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Article
December 1947

CORNEAL AND CONJUNCTIVAL PIGMENTATION AMONG WORKERS ENGAGED IN MANUFACTURE OF HYDROQUINONE

Author Affiliations

DURHAM, N. C.
From the Division of Ophthalmology, Duke University School of Medicine.

Arch Ophthalmol. 1947;38(6):812-826. doi:10.1001/archopht.1947.00900010831007
Abstract

OCULAR lesions developing in workers exposed to aniline or its derivatives have been previously reported. MacKinley,1 in 1886, reported brown discoloration of the cornea and conjunctiva in an aniline plant worker with slight reduction in vision. In 1897 Senn2 observed among 32 workers in aniline dye 18 with sepia brown staining in the interpalpebral zone. In 10 of these workers only the conjunctiva was stained; in 8 the cornea was involved. Senn postulated that this staining was due to the oxidation product of aniline, viz., paraquinone. K. Velhagen Jr.3 collected a series of 6 cases of workers in hydroquinone plants with lesions of the conjunctiva and cornea of various degrees, similar to those developing in workers described in the present report.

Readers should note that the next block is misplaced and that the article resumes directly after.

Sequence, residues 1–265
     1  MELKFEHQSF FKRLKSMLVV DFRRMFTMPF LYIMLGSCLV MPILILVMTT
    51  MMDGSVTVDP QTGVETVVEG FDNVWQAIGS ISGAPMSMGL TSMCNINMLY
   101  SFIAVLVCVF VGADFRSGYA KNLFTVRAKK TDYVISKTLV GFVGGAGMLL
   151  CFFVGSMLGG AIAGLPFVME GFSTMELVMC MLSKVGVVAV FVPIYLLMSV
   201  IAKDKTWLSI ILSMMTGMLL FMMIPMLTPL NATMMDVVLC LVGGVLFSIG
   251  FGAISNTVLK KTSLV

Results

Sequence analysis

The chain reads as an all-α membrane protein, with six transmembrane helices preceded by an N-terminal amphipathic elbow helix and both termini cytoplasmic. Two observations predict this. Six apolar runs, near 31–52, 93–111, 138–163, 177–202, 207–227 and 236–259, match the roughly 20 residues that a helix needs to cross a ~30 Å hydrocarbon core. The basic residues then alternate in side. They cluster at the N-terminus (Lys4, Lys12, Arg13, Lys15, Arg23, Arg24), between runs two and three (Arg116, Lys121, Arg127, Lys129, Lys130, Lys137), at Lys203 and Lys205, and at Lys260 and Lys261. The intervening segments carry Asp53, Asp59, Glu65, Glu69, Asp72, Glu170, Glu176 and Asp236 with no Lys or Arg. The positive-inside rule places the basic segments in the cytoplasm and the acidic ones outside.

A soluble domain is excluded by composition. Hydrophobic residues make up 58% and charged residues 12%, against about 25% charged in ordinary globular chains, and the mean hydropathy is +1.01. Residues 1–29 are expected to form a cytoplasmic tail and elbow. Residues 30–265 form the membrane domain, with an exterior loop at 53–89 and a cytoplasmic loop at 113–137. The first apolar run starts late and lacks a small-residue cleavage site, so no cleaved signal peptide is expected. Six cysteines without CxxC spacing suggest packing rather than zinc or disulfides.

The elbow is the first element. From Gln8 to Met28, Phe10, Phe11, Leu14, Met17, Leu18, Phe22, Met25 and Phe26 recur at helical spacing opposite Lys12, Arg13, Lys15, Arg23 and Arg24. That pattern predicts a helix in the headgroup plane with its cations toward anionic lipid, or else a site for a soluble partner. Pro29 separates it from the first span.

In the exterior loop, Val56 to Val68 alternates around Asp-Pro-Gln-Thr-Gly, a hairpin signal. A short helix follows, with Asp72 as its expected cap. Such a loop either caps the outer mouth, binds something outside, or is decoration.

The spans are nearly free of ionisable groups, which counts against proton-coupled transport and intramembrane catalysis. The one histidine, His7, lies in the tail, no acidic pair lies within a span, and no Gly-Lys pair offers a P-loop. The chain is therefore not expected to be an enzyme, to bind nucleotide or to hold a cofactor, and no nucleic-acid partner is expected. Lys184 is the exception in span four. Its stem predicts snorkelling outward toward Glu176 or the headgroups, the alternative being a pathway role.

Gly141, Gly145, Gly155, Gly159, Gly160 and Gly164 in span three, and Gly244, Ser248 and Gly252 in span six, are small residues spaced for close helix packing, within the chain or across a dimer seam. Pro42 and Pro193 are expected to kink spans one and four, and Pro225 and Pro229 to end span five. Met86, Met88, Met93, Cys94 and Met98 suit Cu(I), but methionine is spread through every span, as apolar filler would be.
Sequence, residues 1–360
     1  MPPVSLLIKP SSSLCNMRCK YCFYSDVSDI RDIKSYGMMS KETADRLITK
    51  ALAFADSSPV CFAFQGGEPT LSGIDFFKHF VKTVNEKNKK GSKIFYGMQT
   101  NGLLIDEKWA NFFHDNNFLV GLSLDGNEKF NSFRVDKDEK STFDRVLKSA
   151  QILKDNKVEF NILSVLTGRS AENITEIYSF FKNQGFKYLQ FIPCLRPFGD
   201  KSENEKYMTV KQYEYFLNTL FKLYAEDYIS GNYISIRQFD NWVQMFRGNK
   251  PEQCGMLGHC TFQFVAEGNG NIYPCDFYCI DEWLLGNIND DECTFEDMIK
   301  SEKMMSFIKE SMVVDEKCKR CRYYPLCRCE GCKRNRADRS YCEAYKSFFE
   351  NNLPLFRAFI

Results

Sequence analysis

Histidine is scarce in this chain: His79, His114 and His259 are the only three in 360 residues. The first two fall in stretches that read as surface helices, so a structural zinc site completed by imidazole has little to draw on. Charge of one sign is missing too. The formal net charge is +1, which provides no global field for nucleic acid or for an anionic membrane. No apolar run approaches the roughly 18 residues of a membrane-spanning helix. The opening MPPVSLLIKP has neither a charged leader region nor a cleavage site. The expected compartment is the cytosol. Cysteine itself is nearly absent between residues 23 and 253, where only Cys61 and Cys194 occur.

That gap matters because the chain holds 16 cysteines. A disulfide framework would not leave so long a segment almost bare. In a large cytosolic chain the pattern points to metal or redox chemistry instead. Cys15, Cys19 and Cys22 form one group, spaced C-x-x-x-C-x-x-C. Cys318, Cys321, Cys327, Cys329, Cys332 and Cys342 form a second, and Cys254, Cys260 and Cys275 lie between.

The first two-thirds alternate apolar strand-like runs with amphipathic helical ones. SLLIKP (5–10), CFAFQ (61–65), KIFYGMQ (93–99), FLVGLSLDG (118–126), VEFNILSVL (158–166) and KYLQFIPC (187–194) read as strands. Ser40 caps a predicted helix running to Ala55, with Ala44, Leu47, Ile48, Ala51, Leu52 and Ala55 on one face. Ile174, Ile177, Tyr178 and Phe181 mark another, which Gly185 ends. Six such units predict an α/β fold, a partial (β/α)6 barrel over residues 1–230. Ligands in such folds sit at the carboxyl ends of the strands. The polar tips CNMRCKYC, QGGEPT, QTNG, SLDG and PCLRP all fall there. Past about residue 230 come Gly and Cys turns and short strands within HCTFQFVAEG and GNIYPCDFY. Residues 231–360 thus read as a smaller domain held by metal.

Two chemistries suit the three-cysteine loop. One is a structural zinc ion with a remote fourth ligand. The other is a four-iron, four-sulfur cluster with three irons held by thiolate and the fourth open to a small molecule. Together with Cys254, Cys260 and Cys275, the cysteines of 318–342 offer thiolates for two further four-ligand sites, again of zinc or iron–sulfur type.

Since the manner in which the persons involved in this study were exposed to the chemical is a problem of industrial hygiene rather than one of

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